skype

I am always surprised at how many people haven’t yet heard about Skype. I don’t use it that often, but I have still saved thousands of Rand by making free or cheap Skype calls. Now I don’t profess to be an expert on Skype, so what I will do in this article is to give you an introduction to its basic features.

So for those still in the dark, what is Skype? In its simplest form, Skype allows you to phone other people on Skype for free. All you need is a headset (and a computer, of course…). The built in microphone and speakers on notebook computers work OK, but a headset gives better sound quality. Remember that with speakers, everyone can hear what the other person in your conversation is saying. Besides, headsets are really inexpensive these days, so there’s no excuse to go without. When choosing a headset, I’d recommend selecting a set that connects to your USB port on your computer, since this is much easier to configure.

Next, you’ll need to register for Skype. Once you’re registered, finding people is quite easy. Generally what happens is that people will give you their Skype name, and you then simply add them as a contact in Skype. Alternatively you can ‘search for Skype users’ from within Skype. Making calls is also really easy – just follow the instructions on the Skype website. If you experience problems, the Skype knowledgebase is very useful.

So who needs Skype? If you’re intending to use it between computers, where calls are free, it is ideal for talking to people in other cities or other countries. But if you’re making a computer to a land-line call on Skype, then it is pretty pointless to use it to call South Africa, since the savings are minimal (About a 15c saving per minute between Skype and Telkom). You also wouldn’t want to use Skype to call cell phones, since there are no real savings there. But assume for example one of your children is overseas on a gap year, or you have family overseas. Calling an international land line from Skype costs only about 20c per minute. To make calls from your computer to land-lines overseas you’ll need to purchase a Skype credit, which costs a minimum of €10 (about R120.00). That will buy you just over 8 hours of talk time.

So what other goodies does Skype offer? The Chat feature is quite useful, where you can send text typed on your computer keyboard to another Skype user in real time. And although the video conferencing feature is fun, I found that the picture quality wasn’t up to scratch, although Skype does offer enhanced video functionality which requires a high-res camera. Although I have tried video, I abandoned it after the first few times because it didn’t really serve any purpose – for me. I also found that poor light affected the picture quality, but I can’t blame Skype for that. Other than that, Skype offers call forwarding, conference calling for up to 25 people, and group calling, all of which will appeal to some users. But for me, free calls and cheap calls are all that I need.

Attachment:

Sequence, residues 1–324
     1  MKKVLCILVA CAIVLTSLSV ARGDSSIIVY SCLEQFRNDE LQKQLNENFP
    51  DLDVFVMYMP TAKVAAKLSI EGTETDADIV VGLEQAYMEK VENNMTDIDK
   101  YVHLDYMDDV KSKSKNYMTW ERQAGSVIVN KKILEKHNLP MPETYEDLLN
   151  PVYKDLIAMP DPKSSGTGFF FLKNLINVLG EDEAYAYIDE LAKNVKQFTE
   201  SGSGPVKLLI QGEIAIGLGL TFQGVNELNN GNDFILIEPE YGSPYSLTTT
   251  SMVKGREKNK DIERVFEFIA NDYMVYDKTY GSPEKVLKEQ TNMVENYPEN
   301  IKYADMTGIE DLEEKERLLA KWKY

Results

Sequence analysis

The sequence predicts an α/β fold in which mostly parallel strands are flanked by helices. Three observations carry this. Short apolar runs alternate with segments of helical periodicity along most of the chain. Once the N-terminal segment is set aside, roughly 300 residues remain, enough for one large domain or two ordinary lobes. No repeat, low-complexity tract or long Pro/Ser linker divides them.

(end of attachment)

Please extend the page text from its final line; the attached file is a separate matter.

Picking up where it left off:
So what are the negatives? I am connected to the Internet via a 384k ADSL line supplied by Telkom. My service provider is MWEB. From time to time the sound quality degrades to where I sound a bit like Darth Vader. And occasionally the signal appears to break up, a lot like a cell phone with poor reception. And then there’s the echo, which can be quite annoying (I generally cut off the call, and then call again, and the echo often goes away). I’m not really sure who is to blame for the sound quality problems I experience from time to time; it could be Telkom, MWEB, Skype, or just that the network is over busy. But even with the sound quality problems, Skype is a great money saver.

Where I do have a problem is that Skype is quite a hungry little blighter. According to Skype, it uses between 180kB and 960kB per minute while talking. But according to the Skype Community page it uses around 500kB per minute. Anyway, for a few months I left Skype permanently activated so that people could contact me at any time. I was quite taken aback when I exceeded my 1GB cap with MWEB each month. At first I blamed the kids. After some investigation though, I found out that Skype will happily eat up 1GB of bandwidth in a month – even when it is in standby, waiting for calls. Skype states that “On average Skype uses 0-0.5 kilobytes/sec while idle”. If we use the upper end of that range for our calculation, then in standby the product uses 30kB per minute, 1.8MB per hour, 43MB per day, and 1.3GB per 30-day month! Once I closed Skype, only activating it when I wanted to make a call, my bandwidth usage returned to normal.

Another reason to exit Skype when you’re not using it is the following post I came across on Skype’s Community website: “As we know Skype is made to pass the calls of those users who are behind restrictive NAT/Firewalls through the (random) computers of other Skype peers/users called “relay nodes”. This puts extra burden on those who connect to the Internet without router/NAT, as their computers and network bandwidth may be used to route the calls of other users. The selection of intermediary computers is fully automatic, with individual users having no option to disable such use of their resources. There is no special “relay node” status, it’s just that the computer of a “relay node” will be used by those in need when necessary.” (http://forum.skype.com/index.php?showtopic=79249&pid=366118&st=0)

But Skype isn’t for everybody. If you don’t need to make cheap (or free!) national or international phone calls on a regular basis, then you probably won’t miss it. What you will find if you do use it, though, is that you end up speaking to loved ones overseas for a lot longer when you know it’s not costing you anything!

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